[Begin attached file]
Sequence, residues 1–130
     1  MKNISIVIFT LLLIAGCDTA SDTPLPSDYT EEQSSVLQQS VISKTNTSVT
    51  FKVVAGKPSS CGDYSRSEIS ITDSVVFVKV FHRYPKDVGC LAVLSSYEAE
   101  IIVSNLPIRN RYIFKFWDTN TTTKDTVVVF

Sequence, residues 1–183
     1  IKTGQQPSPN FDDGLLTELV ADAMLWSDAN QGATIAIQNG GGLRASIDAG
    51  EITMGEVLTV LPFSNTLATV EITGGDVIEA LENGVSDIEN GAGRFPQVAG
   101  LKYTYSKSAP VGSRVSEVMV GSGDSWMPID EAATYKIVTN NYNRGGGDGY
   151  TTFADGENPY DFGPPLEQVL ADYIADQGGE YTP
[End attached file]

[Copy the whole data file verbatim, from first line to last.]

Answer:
Sequence, residues 1–130
     1  MKNISIVIFT LLLIAGCDTA SDTPLPSDYT EEQSSVLQQS VISKTNTSVT
    51  FKVVAGKPSS CGDYSRSEIS ITDSVVFVKV FHRYPKDVGC LAVLSSYEAE
   101  IIVSNLPIRN RYIFKFWDTN TTTKDTVVVF

Sequence, residues 1–183
     1  IKTGQQPSPN FDDGLLTELV ADAMLWSDAN QGATIAIQNG GGLRASIDAG
    51  EITMGEVLTV LPFSNTLATV EITGGDVIEA LENGVSDIEN GAGRFPQVAG
   101  LKYTYSKSAP VGSRVSEVMV GSGDSWMPID EAATYKIVTN NYNRGGGDGY
   151  TTFADGENPY DFGPPLEQVL ADYIADQGGE YTP